Some industries are dominated by one market leader for many years. Carol Velthuis identifies these companies as ‘Summer Champions’, a reference to the natural seasonal cycle of businesses, and in Surfing the long summer she shows how businesses can stay in the summer of this cycle for as long as possible.
By analysing forty global industries and determining the growth rates and market shares of 500 companies over a period of six years, Velthuis shows how fifteen companies have emerged not just as global market leaders but also as having outgrown the market over the entire period. Amazon, Apple, Disney, eBay, Google, Starbucks and others are enjoying a ‘long summer’. Summer Champions defy the wisdom of conventional strategic theories.
They concentrate on the long term, they have deep understanding of their customers and their operation, they excel in both quality and cost, and they have strong, shared values. These are attributes that many companies, for example in the financial sector, have conspicuously lacked in recent years.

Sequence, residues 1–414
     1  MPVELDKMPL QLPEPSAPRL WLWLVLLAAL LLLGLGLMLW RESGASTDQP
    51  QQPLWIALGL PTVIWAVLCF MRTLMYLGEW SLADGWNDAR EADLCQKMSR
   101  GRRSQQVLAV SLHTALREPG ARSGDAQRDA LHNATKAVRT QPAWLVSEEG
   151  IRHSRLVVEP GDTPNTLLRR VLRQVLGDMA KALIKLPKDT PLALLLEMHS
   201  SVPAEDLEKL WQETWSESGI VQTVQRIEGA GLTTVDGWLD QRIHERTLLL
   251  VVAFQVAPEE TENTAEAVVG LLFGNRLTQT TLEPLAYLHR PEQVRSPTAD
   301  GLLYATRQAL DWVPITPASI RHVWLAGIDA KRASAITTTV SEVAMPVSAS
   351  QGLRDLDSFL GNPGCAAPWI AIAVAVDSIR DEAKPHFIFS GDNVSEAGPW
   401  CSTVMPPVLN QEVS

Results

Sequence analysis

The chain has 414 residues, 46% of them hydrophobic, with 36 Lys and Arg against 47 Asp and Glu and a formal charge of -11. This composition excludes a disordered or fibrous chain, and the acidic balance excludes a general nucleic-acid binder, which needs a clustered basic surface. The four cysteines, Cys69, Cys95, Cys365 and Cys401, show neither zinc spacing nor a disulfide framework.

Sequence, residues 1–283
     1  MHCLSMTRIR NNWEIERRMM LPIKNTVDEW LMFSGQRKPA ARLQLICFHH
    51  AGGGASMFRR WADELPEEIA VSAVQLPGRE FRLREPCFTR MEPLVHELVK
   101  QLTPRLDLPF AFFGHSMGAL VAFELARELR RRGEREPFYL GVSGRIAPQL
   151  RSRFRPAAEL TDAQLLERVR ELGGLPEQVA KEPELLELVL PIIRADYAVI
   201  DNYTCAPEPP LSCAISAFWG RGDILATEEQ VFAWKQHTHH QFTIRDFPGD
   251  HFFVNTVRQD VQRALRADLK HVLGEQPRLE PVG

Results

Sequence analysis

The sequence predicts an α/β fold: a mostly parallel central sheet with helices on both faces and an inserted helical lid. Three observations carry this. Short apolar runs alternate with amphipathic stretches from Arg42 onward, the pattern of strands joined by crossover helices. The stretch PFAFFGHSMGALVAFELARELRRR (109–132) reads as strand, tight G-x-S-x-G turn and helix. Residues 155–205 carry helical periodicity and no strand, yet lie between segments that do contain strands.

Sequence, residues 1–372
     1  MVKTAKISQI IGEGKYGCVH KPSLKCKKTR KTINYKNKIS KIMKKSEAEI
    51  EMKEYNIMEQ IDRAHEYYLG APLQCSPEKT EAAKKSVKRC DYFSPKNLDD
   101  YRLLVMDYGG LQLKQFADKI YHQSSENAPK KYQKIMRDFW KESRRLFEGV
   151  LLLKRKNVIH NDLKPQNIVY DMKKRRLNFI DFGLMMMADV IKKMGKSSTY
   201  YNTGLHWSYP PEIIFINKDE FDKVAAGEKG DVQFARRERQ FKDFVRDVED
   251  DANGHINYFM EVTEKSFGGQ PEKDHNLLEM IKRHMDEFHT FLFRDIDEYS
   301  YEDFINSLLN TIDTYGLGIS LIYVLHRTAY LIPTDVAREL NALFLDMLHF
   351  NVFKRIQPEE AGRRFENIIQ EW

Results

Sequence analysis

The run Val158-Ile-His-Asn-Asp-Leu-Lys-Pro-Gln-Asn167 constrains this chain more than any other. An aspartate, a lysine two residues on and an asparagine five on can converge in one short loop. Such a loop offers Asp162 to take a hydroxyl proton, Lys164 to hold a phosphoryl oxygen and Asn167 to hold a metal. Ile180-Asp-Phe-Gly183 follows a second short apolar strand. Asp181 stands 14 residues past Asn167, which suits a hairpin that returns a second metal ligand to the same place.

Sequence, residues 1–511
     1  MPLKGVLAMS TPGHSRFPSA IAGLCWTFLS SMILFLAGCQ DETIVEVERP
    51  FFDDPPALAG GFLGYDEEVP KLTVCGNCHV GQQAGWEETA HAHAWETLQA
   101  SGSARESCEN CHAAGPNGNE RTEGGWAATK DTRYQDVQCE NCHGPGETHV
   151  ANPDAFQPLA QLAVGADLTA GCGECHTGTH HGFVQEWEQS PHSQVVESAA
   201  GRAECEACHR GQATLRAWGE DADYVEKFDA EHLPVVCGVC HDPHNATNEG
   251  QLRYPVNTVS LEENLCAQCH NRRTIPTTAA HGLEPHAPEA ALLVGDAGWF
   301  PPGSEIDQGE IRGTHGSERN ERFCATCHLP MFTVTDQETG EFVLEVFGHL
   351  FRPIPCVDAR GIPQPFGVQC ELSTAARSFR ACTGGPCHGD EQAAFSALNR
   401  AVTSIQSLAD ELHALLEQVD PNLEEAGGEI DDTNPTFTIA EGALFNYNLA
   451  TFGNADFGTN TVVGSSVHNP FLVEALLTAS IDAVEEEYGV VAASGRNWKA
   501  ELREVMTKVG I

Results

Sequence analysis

In the course of providing 25 lessons for becoming a long-term summer champion, Velthuis teases out the business lessons to be learned from sports superstars such as Roger Federer, Steve Redgrave and Lance Armstrong. Surfing the long summer provides a unique framework for analysing competitive success and a new methodology for focusing on the key strategic issues that highlights long-term customer focus and strong passionate leadership and offers valuable lessons for all businesses.
Carol Velthuis started her career at Unilever managing brands such as Boursin and Lipton. After working as a strategy and marketing consultant at Arthur D. Little she founded Quintel Strategy Consulting which now employs 40 consultants. She has supported clients in managing large and complex change processes. She teaches on the MBA programme at Rotterdam School of Management and regularly publishes in various media.
‘Carol Velthuis is a highly original thinker. Because too many companies, especially in the financial sector, forgot the lessons in this book we ended up in a financial crisis.’
Aad Jacobs, former CEO ING Bank
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